In the 15 years since devolution of power to the Scottish Parliament, we have seen some bold steps in housing policy and delivery which have seen Scotland take a different, and at times radical, path from that of counterparts in England and Wales.
The most significant step taken by the freshly minted parliament was putting time, resource and political will into tackling homelessness. The resultant ‘2012 Commitment’ – where allthose found to be homeless were entitled to permanent housing – was met at the end of 2012 by all Scottish local authorities. This undoubtedly put Scotland on the map as having some of the most progressive homelessness legislation in the world. Importantly this historic agenda had cross-party backing and survived a change of government at Holyrood.
These bold steps to improve the experience of homeless people in Scotland, along with the historic ending of the Right to Buy policy, a commitment to the preservation of social housing and recognition of the specific rural housing requirements in Scotland have all made housing policy in Scotland distinct, but more importantly, effective in tackling challenges across the country.
While a lot has been achieved for people across Scotland experiencing homelessness and bad housing, there are significant, and very real challenges ahead. Specifically the supply of housing in Scotland, or to put it bluntly, that we have reached a point where there are simply not enough homes for our growing and ageing population.
The housing crisis affects all of us – from high rents in the private rented sector (PRS) to long council house waiting lists and lack of mortgage availability for sky-rocketing house prices. It also means high costs for the public purse in dealing with the consequences of homelessness, bad housing, temporary accommodation and inadequate housing for older people and vulnerable groups.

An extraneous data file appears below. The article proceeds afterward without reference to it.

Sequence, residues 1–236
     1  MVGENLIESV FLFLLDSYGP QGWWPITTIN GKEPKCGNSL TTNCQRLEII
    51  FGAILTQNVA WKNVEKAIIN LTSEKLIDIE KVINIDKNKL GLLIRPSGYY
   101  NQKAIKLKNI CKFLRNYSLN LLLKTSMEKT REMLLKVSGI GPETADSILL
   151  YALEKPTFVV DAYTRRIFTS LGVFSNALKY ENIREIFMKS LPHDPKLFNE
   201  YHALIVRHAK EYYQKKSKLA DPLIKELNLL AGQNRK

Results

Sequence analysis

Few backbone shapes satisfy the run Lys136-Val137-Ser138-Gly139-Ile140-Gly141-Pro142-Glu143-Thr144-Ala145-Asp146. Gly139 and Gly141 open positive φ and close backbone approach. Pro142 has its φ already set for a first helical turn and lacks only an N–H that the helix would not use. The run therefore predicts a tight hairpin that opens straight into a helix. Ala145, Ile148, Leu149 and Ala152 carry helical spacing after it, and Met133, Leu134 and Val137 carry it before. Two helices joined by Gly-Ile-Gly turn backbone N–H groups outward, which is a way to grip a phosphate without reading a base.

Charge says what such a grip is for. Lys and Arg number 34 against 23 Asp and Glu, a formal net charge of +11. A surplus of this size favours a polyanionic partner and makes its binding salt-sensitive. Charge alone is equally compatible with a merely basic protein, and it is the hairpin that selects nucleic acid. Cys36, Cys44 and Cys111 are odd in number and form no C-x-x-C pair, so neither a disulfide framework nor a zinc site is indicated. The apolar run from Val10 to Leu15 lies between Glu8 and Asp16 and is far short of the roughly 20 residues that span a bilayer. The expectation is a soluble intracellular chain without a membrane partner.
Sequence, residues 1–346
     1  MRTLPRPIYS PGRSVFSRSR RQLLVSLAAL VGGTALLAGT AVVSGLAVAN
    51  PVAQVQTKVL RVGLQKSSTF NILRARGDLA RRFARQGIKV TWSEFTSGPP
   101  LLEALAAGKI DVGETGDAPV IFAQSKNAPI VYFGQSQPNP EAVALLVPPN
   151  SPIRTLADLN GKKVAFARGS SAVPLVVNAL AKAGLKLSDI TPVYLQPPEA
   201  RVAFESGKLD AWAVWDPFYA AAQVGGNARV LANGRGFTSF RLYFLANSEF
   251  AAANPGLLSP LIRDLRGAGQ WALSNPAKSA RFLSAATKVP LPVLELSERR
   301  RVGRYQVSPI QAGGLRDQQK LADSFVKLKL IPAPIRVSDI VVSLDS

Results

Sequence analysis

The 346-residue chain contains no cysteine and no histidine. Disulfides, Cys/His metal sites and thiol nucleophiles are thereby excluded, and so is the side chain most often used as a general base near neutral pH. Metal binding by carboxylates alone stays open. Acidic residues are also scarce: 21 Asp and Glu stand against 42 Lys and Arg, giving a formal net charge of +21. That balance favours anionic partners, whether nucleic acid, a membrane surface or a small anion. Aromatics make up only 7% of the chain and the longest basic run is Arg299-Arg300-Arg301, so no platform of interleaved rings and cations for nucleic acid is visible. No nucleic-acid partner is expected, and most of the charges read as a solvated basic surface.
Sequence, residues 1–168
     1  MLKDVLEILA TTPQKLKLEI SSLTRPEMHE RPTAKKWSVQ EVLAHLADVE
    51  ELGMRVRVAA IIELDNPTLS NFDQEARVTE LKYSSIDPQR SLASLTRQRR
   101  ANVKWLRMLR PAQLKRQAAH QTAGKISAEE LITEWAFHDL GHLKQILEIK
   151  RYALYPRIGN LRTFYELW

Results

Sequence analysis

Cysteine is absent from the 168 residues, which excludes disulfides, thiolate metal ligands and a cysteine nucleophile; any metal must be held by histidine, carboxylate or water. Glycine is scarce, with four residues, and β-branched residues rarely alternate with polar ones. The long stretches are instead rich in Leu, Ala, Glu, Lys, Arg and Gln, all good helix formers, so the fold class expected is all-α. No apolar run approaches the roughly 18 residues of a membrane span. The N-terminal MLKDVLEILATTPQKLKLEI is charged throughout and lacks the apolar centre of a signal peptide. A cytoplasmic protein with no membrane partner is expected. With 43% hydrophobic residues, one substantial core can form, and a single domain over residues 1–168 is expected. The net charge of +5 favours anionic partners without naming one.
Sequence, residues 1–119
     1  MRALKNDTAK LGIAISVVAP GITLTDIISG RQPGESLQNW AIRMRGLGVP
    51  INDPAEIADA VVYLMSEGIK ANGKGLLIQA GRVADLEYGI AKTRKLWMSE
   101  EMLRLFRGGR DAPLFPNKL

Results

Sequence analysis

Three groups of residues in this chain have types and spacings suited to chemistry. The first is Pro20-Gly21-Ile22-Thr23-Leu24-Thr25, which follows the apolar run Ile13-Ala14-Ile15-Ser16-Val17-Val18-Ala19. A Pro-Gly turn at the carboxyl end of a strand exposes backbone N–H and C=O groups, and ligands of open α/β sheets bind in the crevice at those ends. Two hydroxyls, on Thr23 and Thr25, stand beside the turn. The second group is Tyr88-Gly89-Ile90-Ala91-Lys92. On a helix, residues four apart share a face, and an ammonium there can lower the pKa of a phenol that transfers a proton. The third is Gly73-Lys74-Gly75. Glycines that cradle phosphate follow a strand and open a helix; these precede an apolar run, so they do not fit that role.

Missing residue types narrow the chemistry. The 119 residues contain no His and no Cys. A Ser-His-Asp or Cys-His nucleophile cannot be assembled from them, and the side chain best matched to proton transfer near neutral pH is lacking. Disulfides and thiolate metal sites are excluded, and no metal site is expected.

The list goes on. A lack of housing has a significant financial cost – at both state and individual level, but it is also coming at the expense of the nation’s health and wellbeing. Evidence shows clearly that everything from education attainment, life expectancy, mental health outcomes and recidivism rates can be greatly improved if we all have a safe, secure and affordable home.
In addition to supply, there are other areas of housing policy that we still, as a sector and a nation, have not got right. People from a care background, young people and prison leavers are still disproportionately represented in national homeless figures despite a wealth of evidence that suggest targeted interventions can help address these negative – and costly – cycles of homelessness.
Of course, housing policy does not exist in a vacuum and housing whilst fully devolved, is integrally linked to other, reserved, matters. Most challenging of these is social security and the challenge, post-Scotland Bill, will be integrating the welfare reform agenda, further devolution and devolved policies while making sure that real people, who need the security of that housing safety net are not allowed to fall through the gaps.
So it is important to reflect, and stocktake what has been achieved since devolution. But it is even more vital that we do not stand still. This is about more than bricks and mortar, it’s about ensuring we are delivering on people’s basic need and right to a safe, secure and affordable home. Without doing so, we stand little chance of seeing poverty reduce or equality gaps close. Homes really must be at the heart of the social justice agenda in Scotland if it is to succeed.
Fiona King is Campaigns & Public Affairs Manager for Shelter Scotland